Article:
Dedicated to the work of Michael Powell and Emeric Pressburger and all the other people, both actors and technicians who helped them make those wonderful films.
A lot of the documents have been sent to me or have come from other web sites. The name of the web site is given where known. If I have unintentionally included an image or document that is copyrighted or that I shouldn't have done then please email me and I'll remove it.
I make no money from this site, it's purely for the love of the films.
[Any comments are by me (Steve Crook) and other members of the email list]
From: Tom Elliott
Steve Crook wrote:
> > In fact at one of them someone asked the killer question "Why do > the people here like Powell (& Pressburger) films?" so I thought > I'd ask you lot. We went around the room all giving a varied but > interesting set of answers. >
I was born March, 1940. My Aunt owned a Movie Theater in what is called Sleepy Hollow, N.Y. Before TV we hung out, especially on Saturday and Sunday mornings to see the adventures, serials, and, in living color, the tales of wonderful heroes. I remember arguing which Pimpernel was more elusive. I favored David N. over Leslie. I remember thinking how grand was heaven, and, of course, seating would be by friendships. I was even supportive of flirting in heaven, although Margaret Mary O'Brien thought me a heretic. I did not believe color was earthbound and heaven black and white, but the tear on the rose only proved my point. I remember the great excitement I shared about the Thief, who seemed about my age. The kids in the gang down the street were wearing black leather jackets, and I imagined how to aim the magic cross bow to end their bully tactics. I was able to see Col. Blimp on NY city television, and felt there was more to the story. The DVD delights.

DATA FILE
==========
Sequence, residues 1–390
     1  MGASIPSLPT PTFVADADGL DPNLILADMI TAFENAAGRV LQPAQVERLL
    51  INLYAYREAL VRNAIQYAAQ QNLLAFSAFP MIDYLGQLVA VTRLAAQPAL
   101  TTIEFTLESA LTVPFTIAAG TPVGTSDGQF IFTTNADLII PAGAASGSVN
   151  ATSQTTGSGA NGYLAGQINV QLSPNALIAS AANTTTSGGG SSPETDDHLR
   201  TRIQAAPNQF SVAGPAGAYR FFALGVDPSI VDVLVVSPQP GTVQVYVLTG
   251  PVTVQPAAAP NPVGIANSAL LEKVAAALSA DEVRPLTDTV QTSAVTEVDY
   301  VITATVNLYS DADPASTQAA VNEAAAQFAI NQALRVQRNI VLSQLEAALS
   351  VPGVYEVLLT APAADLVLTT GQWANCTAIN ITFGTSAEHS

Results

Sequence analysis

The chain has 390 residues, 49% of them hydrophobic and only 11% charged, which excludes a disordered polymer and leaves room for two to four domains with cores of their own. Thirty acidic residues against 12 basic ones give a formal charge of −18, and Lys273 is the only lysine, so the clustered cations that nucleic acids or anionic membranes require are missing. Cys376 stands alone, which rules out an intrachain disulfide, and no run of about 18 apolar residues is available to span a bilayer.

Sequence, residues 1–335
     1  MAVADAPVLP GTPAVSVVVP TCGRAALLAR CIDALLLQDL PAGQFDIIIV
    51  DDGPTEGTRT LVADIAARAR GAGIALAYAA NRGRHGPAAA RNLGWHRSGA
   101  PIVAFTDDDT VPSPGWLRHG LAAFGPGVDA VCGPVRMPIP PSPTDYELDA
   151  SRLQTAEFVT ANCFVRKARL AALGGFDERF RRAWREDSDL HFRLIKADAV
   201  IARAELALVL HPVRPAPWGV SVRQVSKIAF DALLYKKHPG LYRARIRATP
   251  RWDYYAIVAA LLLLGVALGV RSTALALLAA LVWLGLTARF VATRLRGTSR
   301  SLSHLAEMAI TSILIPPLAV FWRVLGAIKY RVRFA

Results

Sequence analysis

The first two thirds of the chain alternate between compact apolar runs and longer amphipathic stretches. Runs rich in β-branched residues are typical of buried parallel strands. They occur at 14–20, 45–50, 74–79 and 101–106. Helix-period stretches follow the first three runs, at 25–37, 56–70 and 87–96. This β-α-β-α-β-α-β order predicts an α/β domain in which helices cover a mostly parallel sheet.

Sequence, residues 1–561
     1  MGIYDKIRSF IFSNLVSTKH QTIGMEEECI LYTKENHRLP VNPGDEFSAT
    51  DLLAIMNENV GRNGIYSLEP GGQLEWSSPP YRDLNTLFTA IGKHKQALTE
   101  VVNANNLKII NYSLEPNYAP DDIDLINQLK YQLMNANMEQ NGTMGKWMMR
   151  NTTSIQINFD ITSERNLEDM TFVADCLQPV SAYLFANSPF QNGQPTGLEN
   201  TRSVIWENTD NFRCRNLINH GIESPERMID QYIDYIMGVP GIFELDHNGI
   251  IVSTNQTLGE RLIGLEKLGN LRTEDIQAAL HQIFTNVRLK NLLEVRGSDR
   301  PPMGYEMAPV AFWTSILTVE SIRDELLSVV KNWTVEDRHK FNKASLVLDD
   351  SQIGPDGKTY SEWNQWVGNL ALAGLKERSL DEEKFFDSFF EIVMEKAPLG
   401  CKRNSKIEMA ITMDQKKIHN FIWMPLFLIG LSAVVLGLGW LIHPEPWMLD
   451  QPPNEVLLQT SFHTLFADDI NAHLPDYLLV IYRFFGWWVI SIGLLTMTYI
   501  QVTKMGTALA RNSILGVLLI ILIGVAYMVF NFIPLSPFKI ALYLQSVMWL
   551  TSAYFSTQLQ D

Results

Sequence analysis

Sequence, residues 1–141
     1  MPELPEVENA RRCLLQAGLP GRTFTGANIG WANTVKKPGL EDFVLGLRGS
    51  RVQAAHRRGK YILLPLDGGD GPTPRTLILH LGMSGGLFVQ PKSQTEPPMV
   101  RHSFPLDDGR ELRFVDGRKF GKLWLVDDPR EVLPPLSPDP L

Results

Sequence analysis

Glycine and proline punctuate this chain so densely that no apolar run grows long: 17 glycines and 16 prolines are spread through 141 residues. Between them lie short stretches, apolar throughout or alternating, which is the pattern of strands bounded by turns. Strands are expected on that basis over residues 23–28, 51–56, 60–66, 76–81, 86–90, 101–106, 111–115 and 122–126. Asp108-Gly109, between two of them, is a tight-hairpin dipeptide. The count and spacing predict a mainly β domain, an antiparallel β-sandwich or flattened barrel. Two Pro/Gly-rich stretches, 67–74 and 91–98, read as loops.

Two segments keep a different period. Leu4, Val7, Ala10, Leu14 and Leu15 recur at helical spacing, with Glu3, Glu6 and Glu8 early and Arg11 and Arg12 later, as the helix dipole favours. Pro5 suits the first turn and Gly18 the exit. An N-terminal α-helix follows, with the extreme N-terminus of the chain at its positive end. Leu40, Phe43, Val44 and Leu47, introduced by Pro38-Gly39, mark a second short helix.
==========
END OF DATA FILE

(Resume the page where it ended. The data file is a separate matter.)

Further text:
I never liked the Red Shoes. Maybe because I've never identified with Anton. Plus, I've always felt distanced from the young lovers whose passion for art kept them apart. But then, where is tragedy, if they chose ordinary romance. "I Know Where I'm Going" came to me through you all. Thanks for yet another tale about some of the truths we seem in a rush to ignore.
I don't know if PnP and the other Archers are appreciated by others because of their images that came before high school days. For me they consistently have rung true to my own archetypes
One further personal history. My Aunt did not have the income to schedule first run movies from 1945 until she sold the movie house in 1957. So we always had third or fourth run movies. In a village of 12,000 people during pre and early TV days, that was enough for a $2 ticket and a chance to win a complete setting of dinnerware. We even enjoyed the return of favorites. As you say, we could enjoy them, and only later realize the themes and creators were British. Not bad for a predominately immigrant factory worker village that publically voiced mistrust of the English throughout my childhood. Prejudice had to give way to the better, artistic nature of our souls.
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